Lots of people love dramatic reconstructions
They say such reconstructions bring history to life, much like the reenactments often performed at historic sites in Summer. Some even say the same of historical novels, as they too fill in the parts the textbooks leave out.
What’s not to like about dramatic reconstructions?
The historian and presenter, Mary Beard, among others. She says many are of poor quality. I have seen some that were, but I found others very good. However, that is not her main point. She is concerned that reconstructions fix images in the mind. Therefore, you tend to think that is how things were, not just how they might have been. That is obviously misleading when you think about it, because they show only one version of how things might have been. I fear she may be right, but perhaps it is a price worth paying to make history more interesting and easier to relate to. What do you think?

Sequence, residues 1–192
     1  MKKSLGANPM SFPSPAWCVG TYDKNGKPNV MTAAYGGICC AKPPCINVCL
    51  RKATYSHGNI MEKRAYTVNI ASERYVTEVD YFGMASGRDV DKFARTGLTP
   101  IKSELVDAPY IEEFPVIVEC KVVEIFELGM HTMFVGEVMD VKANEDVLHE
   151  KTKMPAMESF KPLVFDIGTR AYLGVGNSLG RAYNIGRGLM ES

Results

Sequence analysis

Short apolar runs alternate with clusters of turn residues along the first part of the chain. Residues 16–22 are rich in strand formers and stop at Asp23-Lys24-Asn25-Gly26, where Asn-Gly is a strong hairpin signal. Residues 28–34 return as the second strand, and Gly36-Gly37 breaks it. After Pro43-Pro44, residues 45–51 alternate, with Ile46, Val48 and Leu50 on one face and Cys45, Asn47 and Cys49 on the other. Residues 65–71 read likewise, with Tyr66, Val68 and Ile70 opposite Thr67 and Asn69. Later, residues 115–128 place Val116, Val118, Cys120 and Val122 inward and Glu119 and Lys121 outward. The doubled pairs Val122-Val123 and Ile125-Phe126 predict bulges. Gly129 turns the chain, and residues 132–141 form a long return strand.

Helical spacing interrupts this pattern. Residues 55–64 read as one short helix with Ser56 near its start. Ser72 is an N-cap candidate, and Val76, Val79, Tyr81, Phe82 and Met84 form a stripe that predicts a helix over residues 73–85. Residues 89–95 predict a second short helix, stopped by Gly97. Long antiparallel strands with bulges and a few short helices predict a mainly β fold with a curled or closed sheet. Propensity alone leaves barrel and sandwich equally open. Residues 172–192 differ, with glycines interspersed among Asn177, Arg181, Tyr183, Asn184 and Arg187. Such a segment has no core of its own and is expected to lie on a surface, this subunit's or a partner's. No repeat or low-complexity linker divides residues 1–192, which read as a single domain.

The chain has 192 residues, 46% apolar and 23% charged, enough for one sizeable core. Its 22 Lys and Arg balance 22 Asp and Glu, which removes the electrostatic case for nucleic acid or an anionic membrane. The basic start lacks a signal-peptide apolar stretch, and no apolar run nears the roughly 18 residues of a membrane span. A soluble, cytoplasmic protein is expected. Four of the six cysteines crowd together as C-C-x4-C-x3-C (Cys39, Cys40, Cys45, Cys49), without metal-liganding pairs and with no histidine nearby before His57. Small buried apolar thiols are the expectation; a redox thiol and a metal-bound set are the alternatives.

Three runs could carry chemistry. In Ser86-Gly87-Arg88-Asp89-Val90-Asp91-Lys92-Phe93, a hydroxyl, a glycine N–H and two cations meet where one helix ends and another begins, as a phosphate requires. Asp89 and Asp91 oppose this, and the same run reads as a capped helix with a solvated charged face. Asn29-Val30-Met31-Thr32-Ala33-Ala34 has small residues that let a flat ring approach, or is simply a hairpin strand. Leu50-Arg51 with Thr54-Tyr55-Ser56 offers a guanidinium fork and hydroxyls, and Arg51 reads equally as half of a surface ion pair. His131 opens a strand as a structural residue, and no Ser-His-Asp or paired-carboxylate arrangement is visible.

Are novels as misleading as reconstructions?
I don’t think so. I hope readers know they are reading fiction and that even the historical background in a novel is likely to be only that author’s view of how it was. Most readers probably also realise that we usually adjust the history in places for dramatic effect. Personally, I try to admit to such adjustments in the historical notes I include in my books, but I might not remember to mention them all. A novel is not a textbook.
How can you avoid being misled by reconstructions ?
I think the best solution is to watch plenty of them! If you see several versions of the same story, you will be able to see how historians – and TV producers – differ. Be critical, in a good way. I don’t even mind if you read other historical novels to compare with mine. As I do.
Enjoy historical documentaries and historical fiction. If you haven’t read Highwaypersons yet, here’s the link to Book I, Debts and Duties
And here’s the link to Book II, The King’s Justice.
Book III, Stallion Man will be out in the New Year.